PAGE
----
ERs Face Problems Despite Economic Boom
Despite a decade of economic prosperity, the United States now has fewer emergency rooms that it had in the early 1990s, and evidence suggests that emergency room care is "worse" today than it was in the early 1990s, the Los Angeles Times reports in the second part of a two-part series on "Private Prosperities, Public Breakdowns." In the last few years, many emergency rooms periodically have declared themselves "overwhelmed" and diverted ambulances to other hospitals. Other hospitals are so full that ER doctors cannot find rooms for patients who need to be admitted, a situation likely linked to a "huge decrease" in the number of intensive care unit beds over the last 10 years. The situation not only affects the poor, who traditionally have relied on ERs to provide care, but also "almost anybody who suddenly takes ill or sustains a traumatic injury." Dr. Arthur Kellermann, chair of emergency medicine at Emory University, said, "How can we spend such an astronomical amount of money on health care and still not have enough emergency rooms?" A "key force" behind this "crisis" is that the United States "has relied ever more heavily on the private sector rather than on government regulation" to determine how the nation's health system works, medical analysts say. There are myriad other factors contributing to the problem, such as reduced reimbursements from managed care companies, "swelling" ranks of the uninsured, an aging population and a "severe shortage of nurses," the Los Angeles Times reports.
This is part of the California Healthline Daily Edition, a summary of health policy coverage from major news organizations. Sign up for an email subscription.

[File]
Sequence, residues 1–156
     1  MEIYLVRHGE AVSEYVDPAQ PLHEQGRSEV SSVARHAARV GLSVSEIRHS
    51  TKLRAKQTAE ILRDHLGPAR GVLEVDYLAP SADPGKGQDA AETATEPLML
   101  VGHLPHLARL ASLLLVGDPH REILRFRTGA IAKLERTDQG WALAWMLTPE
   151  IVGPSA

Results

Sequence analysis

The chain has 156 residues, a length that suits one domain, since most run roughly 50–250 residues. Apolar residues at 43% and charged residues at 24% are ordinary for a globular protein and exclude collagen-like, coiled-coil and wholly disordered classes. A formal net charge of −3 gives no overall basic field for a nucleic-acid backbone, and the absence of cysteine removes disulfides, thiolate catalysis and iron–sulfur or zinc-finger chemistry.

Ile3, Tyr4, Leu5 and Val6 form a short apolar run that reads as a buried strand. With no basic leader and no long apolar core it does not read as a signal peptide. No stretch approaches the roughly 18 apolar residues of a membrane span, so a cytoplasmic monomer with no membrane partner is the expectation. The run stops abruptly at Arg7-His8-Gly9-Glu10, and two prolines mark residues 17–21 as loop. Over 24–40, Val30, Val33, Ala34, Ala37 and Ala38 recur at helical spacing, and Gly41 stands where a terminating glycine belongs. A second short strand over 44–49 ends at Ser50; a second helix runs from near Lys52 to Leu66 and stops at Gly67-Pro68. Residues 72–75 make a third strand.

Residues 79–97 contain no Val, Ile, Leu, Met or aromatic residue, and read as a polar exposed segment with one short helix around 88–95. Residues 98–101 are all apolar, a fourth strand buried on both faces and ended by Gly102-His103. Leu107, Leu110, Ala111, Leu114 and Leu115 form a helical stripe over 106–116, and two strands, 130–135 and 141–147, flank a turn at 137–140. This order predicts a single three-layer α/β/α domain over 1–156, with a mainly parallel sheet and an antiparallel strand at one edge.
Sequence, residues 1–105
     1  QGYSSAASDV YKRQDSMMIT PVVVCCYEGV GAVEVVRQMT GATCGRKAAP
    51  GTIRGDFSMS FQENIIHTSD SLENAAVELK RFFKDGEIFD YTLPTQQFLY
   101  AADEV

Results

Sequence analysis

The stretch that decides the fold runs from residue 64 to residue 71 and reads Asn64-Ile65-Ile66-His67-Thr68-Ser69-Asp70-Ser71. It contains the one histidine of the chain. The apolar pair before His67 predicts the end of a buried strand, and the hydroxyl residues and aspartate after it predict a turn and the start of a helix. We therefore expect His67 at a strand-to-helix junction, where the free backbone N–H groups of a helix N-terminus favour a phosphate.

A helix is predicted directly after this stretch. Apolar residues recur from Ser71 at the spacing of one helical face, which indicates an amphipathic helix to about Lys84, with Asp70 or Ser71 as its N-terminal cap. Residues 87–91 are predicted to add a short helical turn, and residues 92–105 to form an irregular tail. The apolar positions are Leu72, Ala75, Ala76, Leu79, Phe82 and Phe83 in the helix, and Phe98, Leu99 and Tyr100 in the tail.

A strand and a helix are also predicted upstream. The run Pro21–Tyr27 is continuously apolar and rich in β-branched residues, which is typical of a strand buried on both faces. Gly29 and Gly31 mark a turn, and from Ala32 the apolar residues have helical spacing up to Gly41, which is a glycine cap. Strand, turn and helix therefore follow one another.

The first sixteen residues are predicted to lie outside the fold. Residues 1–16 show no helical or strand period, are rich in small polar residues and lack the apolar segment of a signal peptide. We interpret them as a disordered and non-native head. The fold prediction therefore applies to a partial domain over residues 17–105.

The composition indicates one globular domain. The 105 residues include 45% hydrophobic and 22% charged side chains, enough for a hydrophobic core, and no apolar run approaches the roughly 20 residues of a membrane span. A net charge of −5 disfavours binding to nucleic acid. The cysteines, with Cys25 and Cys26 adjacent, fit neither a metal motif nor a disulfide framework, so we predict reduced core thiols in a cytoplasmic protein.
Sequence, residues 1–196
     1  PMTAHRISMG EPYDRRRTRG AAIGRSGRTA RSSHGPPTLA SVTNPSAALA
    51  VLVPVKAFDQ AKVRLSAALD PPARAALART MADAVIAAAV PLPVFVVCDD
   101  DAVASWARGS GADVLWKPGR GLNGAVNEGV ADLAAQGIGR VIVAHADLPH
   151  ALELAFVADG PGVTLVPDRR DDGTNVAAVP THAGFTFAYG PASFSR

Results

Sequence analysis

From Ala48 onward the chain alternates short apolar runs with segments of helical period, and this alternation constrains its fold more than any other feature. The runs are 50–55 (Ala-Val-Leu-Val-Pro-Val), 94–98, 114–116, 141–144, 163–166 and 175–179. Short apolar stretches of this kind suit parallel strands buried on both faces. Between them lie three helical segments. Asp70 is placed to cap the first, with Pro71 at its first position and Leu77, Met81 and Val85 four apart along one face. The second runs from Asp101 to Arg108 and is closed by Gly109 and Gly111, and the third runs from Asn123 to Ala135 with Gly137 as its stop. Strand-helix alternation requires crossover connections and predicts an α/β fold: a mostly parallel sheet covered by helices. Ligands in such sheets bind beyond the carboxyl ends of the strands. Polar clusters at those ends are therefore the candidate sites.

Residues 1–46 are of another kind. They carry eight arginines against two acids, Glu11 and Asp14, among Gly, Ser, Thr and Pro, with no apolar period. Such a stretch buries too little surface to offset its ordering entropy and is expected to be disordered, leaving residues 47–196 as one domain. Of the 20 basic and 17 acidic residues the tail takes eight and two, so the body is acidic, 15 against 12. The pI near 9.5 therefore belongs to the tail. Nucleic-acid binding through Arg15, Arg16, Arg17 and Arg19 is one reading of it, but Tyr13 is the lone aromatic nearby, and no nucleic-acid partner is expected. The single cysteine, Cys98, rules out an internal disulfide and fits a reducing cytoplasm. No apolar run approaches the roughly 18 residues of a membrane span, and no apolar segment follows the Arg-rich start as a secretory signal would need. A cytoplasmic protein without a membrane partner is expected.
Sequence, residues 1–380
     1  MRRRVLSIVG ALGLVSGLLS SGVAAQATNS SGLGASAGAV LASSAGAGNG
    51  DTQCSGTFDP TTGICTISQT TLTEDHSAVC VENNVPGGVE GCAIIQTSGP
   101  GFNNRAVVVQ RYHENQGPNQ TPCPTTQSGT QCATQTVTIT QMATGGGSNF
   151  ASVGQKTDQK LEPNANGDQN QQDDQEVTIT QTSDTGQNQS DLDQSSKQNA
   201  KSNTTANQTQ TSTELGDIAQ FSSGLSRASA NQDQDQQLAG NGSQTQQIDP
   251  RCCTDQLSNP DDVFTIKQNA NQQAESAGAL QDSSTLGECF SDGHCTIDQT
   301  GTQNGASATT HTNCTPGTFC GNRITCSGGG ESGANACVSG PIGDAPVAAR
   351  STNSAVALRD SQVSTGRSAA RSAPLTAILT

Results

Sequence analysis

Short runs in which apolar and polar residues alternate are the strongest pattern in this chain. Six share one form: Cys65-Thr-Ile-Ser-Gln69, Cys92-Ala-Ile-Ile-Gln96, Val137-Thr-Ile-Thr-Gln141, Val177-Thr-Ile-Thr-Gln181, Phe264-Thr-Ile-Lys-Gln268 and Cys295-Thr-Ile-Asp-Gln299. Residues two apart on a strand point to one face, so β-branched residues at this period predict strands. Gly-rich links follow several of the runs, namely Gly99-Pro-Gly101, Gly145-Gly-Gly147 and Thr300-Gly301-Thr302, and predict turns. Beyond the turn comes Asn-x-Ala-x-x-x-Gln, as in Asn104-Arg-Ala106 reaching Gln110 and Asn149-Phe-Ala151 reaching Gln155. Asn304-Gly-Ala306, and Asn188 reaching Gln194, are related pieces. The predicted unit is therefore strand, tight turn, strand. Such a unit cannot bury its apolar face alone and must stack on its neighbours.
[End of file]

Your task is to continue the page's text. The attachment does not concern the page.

Particularly "vexing" to medical specialists is that the current situation "comes not just after a long period of prosperity but after several years in which it appeared that the nation's ER problems were on the verge of solution," the Times reports. In the early 1990s, people coming to the ER without a means to pay for treatment was the "insurmountable" problem. Although the payment problem was not resolved, overcrowding "suddenly began to ease in the middle of the decade." The Times reports that the problem now lies in the "huge drop" in the number of intensive care unit beds, which makes it "extraordinar[ily] difficul[t]" for ER doctors to move patients out of the ER and into the hospital. Several hospitals are working to make changes to improve ER care, such as Massachusetts General Hospital, which has added several ICU beds. But many government and medical officials say that repairs being made to ER systems are "little more than stopgap measures," adding that a "galvanizing event" is necessary to spur more substantial changes (Gosslein, Los Angeles Times, 8/6). The first part of this series, which focuses on how the 1990s economic boom affected society in general, can be found at http://www.latimes.com/news/nationworld/nation/la-080501private.story.